Retail, Sales, Marketing

I’m curious about the retail/sales/marketing side of cosmetics:
  • numbers - even gross estimates - are always helpful.
  • please specify which sub-market you’re talking about, if possible.
  1. What can you tell me about the unique aspects of cosmetics retail/sales/marketing?
  2. What determines how well something sells? (product characteristics v. marketing)
  3. For a drugstore/Ulta/Sephora brand, how well is “well”?
  4. How long is an poor/average/good/great product lifecycle?
  5. How much of product cost goes into product, how much into packaging?
Thank you!


  • PerryPerry Administrator, Professional Chemist
    These are all just opinions of a formulator and may not be shared with cosmetic marketers. I don't think scientists or business people really have answers to most of these questions but many people have opinions.  Here are mine.

    1.  Everyone can make products that work just as good as everyone else's product (at least big companies). Small companies usually (but not always) make inferior products.  Now that you can fill orders online, it has never been easier to launch a cosmetic product. You don't need retail but still, the vast majority of product is sold through large stores like Target & Walmart.

    2. The marketing story sells the first bottle. The fragrance and experience sell the next.

    3.  P&G has a target of creating brands that sell $1 billion a year. They launch enough products to ensure that launch size.  But I'd say if you can build a brand to $100 million a year, you're doing alright. 

    4.  6 months good, 1 year average, more than that...not good.

    5.  Most of the product cost goes into the packaging and marketing. Formula makes up 1/3 or less in costs.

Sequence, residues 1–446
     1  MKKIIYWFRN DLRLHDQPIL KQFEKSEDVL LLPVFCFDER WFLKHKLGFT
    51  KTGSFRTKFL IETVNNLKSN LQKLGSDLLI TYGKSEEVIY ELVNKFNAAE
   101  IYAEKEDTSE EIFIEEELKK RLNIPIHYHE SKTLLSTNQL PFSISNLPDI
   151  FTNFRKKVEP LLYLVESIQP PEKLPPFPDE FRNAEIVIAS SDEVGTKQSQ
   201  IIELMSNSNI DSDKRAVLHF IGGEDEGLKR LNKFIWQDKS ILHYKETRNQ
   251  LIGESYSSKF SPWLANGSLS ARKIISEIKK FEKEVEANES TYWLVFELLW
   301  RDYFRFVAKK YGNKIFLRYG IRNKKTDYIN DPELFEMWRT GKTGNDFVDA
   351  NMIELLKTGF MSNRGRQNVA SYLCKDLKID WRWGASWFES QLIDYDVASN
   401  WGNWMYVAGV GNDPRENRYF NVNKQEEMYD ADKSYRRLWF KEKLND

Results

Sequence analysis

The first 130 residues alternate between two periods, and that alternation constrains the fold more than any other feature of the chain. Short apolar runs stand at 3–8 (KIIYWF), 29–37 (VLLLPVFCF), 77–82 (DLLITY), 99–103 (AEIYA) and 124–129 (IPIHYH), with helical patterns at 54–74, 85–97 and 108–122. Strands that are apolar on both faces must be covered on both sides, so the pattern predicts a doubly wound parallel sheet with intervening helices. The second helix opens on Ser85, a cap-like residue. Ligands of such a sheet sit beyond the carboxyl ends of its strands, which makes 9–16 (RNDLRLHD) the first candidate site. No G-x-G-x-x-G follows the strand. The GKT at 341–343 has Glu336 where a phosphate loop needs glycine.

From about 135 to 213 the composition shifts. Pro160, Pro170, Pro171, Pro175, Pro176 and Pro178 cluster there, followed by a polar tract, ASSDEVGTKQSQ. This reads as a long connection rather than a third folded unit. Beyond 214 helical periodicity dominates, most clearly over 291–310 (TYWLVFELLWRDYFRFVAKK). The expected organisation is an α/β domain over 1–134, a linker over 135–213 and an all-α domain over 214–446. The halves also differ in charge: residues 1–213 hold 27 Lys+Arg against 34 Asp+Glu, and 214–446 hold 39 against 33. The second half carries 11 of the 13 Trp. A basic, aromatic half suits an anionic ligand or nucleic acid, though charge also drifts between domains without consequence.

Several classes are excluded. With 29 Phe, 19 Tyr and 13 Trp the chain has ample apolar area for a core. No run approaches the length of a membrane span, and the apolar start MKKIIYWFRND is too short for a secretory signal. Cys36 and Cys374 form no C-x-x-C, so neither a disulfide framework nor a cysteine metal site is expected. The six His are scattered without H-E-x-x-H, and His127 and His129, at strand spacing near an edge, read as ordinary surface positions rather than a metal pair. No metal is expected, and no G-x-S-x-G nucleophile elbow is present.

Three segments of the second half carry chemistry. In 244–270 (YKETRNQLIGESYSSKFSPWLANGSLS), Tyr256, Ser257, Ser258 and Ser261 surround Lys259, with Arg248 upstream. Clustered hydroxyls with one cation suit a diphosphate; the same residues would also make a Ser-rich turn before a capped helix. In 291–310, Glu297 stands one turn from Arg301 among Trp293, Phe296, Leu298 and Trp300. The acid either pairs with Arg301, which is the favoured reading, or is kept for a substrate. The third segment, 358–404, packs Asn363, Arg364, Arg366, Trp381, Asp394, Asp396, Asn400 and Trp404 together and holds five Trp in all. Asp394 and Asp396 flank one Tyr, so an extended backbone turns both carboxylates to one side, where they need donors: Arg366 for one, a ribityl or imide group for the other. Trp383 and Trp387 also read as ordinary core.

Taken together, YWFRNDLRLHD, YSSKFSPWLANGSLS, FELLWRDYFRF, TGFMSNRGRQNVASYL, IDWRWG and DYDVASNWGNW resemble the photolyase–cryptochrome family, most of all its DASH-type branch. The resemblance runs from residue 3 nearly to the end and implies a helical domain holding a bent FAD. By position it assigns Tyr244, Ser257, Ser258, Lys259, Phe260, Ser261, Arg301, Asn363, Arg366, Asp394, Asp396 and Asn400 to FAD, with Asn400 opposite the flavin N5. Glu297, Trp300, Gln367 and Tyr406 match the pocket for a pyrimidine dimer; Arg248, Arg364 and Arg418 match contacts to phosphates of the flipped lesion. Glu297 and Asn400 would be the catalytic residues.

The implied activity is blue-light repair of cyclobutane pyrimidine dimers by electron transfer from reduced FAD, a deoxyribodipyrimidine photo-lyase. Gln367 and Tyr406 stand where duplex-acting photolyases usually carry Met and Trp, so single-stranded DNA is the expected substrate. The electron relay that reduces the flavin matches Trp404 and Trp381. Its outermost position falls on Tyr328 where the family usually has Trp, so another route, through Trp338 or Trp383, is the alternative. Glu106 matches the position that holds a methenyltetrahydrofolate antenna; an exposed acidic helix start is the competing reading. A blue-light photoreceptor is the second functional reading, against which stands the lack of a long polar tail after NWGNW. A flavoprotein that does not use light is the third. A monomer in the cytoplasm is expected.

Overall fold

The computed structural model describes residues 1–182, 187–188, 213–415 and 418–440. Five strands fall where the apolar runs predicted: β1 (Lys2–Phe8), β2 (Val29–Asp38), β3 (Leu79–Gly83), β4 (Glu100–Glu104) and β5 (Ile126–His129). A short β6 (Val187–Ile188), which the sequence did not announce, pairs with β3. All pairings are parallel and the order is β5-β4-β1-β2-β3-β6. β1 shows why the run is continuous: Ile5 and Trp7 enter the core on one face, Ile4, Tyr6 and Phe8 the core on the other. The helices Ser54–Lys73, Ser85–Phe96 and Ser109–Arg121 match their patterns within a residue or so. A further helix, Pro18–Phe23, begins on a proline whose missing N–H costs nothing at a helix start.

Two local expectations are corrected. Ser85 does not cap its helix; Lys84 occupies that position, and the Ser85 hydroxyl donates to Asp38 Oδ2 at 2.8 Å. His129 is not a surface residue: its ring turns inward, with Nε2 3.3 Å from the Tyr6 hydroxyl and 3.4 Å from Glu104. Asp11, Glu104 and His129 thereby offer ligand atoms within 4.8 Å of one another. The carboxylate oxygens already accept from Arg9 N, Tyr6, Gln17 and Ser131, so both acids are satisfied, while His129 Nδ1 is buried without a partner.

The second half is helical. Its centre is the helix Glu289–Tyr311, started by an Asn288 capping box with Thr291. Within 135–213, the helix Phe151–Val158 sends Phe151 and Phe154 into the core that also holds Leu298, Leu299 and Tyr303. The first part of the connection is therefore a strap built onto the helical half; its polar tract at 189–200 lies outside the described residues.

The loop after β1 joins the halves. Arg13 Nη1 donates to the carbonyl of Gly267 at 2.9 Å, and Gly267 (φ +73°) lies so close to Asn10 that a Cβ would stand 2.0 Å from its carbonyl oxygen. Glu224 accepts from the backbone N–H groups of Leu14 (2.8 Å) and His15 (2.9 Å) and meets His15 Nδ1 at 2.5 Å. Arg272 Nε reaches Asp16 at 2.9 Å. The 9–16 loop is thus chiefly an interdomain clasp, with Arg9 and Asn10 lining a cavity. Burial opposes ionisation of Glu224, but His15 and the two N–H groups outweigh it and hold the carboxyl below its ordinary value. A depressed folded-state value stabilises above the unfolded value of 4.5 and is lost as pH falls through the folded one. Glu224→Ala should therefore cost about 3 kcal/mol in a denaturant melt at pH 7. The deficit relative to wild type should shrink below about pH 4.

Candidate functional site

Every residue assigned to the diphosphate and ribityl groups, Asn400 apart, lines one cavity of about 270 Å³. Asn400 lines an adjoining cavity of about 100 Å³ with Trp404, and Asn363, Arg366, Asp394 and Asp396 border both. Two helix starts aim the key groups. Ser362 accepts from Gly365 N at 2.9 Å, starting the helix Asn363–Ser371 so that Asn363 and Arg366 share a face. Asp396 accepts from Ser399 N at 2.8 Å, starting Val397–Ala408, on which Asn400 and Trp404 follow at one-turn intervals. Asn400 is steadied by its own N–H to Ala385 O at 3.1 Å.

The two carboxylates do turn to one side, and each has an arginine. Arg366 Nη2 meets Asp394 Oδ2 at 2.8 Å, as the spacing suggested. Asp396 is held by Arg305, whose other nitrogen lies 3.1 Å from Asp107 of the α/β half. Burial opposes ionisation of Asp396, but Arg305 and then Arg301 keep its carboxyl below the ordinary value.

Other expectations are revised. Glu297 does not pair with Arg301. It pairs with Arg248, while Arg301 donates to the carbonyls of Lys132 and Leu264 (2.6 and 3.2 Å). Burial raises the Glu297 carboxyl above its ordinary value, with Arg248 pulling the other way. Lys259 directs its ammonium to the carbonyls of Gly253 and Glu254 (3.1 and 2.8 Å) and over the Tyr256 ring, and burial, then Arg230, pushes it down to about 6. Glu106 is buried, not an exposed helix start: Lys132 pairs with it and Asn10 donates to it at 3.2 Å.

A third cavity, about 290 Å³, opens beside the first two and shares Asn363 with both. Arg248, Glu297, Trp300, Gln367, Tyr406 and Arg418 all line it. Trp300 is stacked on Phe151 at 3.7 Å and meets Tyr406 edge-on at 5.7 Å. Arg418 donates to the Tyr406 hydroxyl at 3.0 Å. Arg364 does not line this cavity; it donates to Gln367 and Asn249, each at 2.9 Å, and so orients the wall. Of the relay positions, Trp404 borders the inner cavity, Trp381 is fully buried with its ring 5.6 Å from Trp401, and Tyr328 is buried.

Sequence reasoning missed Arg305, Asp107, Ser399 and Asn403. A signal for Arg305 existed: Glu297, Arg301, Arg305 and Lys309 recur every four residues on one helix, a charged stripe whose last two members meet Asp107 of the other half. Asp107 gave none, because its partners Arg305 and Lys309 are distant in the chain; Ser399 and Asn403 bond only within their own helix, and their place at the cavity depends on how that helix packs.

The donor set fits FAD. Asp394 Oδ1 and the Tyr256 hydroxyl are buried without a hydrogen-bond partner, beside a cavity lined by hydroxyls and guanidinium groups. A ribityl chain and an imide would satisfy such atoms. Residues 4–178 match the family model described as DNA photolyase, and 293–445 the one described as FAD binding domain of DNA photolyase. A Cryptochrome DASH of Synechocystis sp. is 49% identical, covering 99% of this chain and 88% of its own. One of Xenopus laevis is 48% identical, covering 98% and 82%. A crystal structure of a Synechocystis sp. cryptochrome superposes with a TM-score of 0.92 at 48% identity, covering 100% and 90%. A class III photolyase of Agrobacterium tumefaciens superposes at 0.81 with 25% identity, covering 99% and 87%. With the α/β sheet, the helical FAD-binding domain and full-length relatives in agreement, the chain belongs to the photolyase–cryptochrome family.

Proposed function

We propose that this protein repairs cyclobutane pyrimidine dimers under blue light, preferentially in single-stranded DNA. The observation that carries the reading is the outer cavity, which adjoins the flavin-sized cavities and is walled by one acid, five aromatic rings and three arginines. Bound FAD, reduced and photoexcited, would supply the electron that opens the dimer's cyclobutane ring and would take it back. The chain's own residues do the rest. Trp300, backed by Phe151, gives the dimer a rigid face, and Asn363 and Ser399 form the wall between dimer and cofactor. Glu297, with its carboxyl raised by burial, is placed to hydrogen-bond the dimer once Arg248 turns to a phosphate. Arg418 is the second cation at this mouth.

• From my limited experience in marketing.

    1. Marketing makes your product seen. Retail guarantees your product will be seen to some extents.

    2. As Perry stated above. Marketing makes an impression and boots sales when needed. In highly competitive market, an established brand like Pantene  etc. still do Marketing. You have to be relevant or you might end up being a one hit wonder.

    3. For a drugstore/Ulta/Sephora - If you see a repeat L/C that is a good sign or if your product underperform they will politely tell you off when your contract is expired.

    4. Product lifecycle - average/good/great depends on Marketing cycle. If it past a year or past half of expiration date and you don't see money coming back that is not a good sign.

    5. Most of the product cost goes into marketing.
    If you order 10,000+ units basic model directly from packaging plant that will significantly lower your cost or if you want your own molding would be around 20k-30k extra for 1 design.
    Promoting new facial moisturizer in some case use up to 70% in first month. But each company have their own way of working their strategies and now with online marketing it is easier to launch a cosmetic product from start-up business 50/50 of budget for product/marketing.

    These are just my humble opinions. 
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